# What are practical uses for STL's 'partial_sum'?

What/where are the practical uses of the `partial_sum` algorithm in STL?

What are some other interesting/non-trivial examples or use-cases?

-

I used it to reduce memory usage of a simple mark-sweep garbage collector in my toy lambda calculus interpreter.

The GC pool is an array of objects of identical size. The goal is to eliminate objects that aren't linked to other objects, and condense the remaining objects into the beginning of the array. Since the objects are moved in memory, each link needs to be updated. This necessitates an object remapping table.

`partial_sum` allows the table to be stored in compressed format (as little as one bit per object) until the sweep is complete and memory has been freed. Since the objects are small, this significantly reduces memory use.

1. Recursively mark used objects and populate the Boolean array.
2. Use `remove_if` to condense the marked objects to the beginning of the pool.
3. Use `partial_sum` over the Boolean values to generate a table of pointers/indexes into the new pool.
• This works because the Nth marked object has N preceding 1's in the array and acquires pool index N.
4. Sweep over the pool again and replace each link using the remap table.

It's especially friendly to the data cache to put the remap table in the just-freed, thus still hot, memory.

-
This is awesome. –  James McNellis Nov 7 '10 at 4:50
@James: I can only concur :) –  Matthieu M. Nov 7 '10 at 14:14
Very interesting indeed! –  Matthieu N. Nov 7 '10 at 23:24
I use `partial_sum` when I want to build the CDF of a discrete probability distribution. –  Alexandre C. Apr 21 '11 at 15:26

One thing to note about partial sum is that it is the operation that undoes adjacent difference much like - undoes +. Or better yet if you remember calculus the way differentiation undoes integration. Better because adjacent difference is essentially differentiation and partial sum is integration.

Let's say you have simulation of a car and at each time step you need to know the position, velocity, and acceleration. You only need to store one of those values as you can compute the other two. Say you store the position at each time step you can take the adjacent difference of the position to give the velocity and the adjacent difference of the velocity to give the acceleration. Alternatively, if you store the acceleration you can take the partial sum to give the velocity and the partial sum of the velocity gives the position.

Partial sum is one of those functions that doesn't come up too often for most people but is enormously useful when you find the right situation. A lot like calculus.

-

Last time I (would have) used it is when converting a discrete probability distribution (an array of p(X = k)) into a cumulative distribution (an array of p(X <= k)). To select once from the distribution, you can pick a number from [0-1) randomly, then binary search into the cumulative distribution.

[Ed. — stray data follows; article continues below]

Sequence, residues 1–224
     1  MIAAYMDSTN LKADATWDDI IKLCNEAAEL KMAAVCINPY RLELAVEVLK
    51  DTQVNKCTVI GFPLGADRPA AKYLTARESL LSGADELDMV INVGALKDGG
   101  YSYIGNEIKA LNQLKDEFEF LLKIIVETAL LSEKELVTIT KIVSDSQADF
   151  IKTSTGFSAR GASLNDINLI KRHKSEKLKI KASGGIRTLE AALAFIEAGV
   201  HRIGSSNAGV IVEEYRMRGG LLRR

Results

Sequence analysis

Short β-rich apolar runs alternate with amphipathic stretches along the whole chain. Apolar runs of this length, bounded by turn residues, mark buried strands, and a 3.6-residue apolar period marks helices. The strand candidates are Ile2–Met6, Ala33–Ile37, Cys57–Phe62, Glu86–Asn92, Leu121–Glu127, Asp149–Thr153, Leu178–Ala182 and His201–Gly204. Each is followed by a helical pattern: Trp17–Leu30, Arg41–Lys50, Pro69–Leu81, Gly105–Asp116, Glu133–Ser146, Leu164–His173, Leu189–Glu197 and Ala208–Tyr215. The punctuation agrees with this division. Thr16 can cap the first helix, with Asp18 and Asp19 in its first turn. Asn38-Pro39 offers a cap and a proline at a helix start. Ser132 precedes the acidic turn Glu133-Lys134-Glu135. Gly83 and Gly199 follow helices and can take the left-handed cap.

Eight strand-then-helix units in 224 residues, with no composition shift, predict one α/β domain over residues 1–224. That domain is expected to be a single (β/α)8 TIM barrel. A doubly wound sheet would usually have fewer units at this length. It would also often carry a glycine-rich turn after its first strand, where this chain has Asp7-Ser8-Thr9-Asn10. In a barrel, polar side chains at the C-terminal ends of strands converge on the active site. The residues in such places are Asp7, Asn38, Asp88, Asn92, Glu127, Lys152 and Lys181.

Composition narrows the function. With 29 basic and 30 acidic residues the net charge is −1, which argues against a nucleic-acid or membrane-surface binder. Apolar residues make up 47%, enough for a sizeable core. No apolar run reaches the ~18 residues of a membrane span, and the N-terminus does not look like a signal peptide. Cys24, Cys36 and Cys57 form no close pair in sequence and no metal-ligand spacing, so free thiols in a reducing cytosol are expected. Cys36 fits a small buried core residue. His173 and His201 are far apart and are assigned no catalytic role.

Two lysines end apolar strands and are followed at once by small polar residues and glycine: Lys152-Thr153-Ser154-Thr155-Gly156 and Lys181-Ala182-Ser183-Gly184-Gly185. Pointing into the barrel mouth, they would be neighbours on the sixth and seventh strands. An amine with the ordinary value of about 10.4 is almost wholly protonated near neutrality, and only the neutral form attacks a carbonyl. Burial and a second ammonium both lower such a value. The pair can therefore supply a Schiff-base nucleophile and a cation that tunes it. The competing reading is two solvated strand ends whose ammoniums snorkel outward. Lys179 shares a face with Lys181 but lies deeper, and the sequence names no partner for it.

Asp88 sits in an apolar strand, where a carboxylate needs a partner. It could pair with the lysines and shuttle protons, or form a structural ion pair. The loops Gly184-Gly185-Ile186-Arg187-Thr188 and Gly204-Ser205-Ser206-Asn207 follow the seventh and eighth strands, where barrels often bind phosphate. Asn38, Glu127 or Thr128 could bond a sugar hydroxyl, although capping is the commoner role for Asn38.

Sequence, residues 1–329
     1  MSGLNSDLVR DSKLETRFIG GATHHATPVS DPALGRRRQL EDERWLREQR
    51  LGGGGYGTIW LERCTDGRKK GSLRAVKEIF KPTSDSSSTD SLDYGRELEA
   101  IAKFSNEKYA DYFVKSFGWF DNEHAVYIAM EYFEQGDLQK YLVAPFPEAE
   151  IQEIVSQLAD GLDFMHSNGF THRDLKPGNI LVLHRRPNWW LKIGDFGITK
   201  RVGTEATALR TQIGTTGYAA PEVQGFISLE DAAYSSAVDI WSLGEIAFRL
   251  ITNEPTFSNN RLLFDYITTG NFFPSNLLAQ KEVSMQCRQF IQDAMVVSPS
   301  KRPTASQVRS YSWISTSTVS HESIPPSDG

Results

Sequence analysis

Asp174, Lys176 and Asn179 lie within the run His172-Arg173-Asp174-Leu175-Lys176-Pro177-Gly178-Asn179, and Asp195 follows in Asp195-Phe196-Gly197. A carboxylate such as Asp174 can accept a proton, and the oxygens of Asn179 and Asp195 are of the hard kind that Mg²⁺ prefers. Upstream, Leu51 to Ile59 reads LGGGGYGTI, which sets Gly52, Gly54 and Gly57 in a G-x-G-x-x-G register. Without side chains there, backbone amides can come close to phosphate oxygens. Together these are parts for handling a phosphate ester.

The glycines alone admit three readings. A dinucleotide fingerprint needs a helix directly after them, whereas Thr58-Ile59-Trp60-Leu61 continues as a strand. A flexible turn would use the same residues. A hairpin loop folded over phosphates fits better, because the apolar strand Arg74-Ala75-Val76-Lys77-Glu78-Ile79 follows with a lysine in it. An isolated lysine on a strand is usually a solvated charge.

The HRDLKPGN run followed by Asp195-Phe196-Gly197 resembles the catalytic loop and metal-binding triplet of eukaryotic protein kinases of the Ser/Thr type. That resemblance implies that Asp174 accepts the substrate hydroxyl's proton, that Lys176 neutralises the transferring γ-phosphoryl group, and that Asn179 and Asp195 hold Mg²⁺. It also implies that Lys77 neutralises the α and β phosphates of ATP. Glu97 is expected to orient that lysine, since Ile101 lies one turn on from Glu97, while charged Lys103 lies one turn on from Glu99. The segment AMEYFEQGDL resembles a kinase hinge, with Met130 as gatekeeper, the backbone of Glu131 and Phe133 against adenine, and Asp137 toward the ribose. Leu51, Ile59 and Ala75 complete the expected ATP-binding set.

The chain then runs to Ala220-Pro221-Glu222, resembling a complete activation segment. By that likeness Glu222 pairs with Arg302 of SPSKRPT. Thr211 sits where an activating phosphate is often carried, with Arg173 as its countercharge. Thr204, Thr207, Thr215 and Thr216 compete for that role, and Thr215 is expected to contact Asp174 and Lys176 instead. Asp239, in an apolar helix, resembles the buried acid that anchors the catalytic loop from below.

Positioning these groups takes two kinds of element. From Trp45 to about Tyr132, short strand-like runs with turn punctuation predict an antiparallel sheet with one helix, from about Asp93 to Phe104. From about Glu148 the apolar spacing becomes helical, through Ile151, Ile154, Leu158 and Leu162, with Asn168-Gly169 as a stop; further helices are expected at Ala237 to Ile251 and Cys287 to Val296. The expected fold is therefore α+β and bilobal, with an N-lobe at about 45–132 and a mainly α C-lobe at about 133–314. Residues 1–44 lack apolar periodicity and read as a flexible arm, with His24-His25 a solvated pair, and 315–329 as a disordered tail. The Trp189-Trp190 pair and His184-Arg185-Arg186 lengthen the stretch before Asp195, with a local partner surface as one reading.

That code wasn't in C++, though, so I did the partial sum myself.

-
From a precision pov its actually far better to evaluate the pdf at the point of interest rather than to do what it is your attempt. but a good suggestion nonetheless. –  Matthieu N. Nov 7 '10 at 23:27
@sonicoder: I don't understand what you mean, sorry. The array is the function, that's what a discrete distribution means as opposed to a continuous one. There's no question of being any more precise. –  Steve Jessop Nov 7 '10 at 23:31
sorry missed that, i had continuous on my mind for some reason. –  Matthieu N. Nov 8 '10 at 1:08

You can use it to generate a monotonically increasing sequence of numbers. For example, the following generates a `vector` containing the numbers 1 through 42:

``````std::vector<int> v(42, 1);
std::partial_sum(v.begin(), v.end(), v.begin());
``````

Is this an everyday use case? Probably not, though I've found it useful on several occasions.

You can also use `std::partial_sum` to generate a list of factorials. (This is even less useful, though, since the number of factorials that can be represented by a typical integer data type is quite limited. It is fun, though :-D)

``````std::vector<int> v(10, 1);
std::partial_sum(v.begin(), v.end(), v.begin());
std::partial_sum(v.begin(), v.end(), v.begin(), std::multiplies<int>());
``````
-
You'll be pleased to know that `iota` is back from the dead in C++0x. –  Steve Jessop Nov 7 '10 at 10:48
@Steve Jessop: APL rises ! –  High Performance Mark Nov 7 '10 at 12:14
These seem more like the trivial examples found on the sgi stl and cpp-ref pages, but good try nonetheless. –  Matthieu N. Nov 7 '10 at 23:25
@sonicoder: Well, the first example in my answer is the only thing I've ever used `partial_sum` for. It's certainly nothing exciting like Potatoswatter's answer. –  James McNellis Nov 7 '10 at 23:31
It's a lot like my answer. Your sequence always increases by 1; mine sometimes increases by 0 instead. I'm pretty surprised by the response here, I should release that program… when I have time… –  Potatoswatter Nov 8 '10 at 1:58

Personal Use Case: Roulette-Wheel-Selection

I'm using `partial_sum` in a roulette-wheel-selection algorithm (link text). This algorithm choses randomly elements from a container with a probability which is linear to some value given beforehands.

Because all my elements to choose from bringing a not-necessarily normalized value, I use the `partial_sum` algorithm for constructing something like a "roulette-wheel", because I sum up all the elements. Then I chose a random variable in this range (the last `partial_sum` is the sum of all) and use `stl::lower_bound` for searching "the wheel" where my random search landed. The element returned by the `lower_bound` algorithm is the chosen one.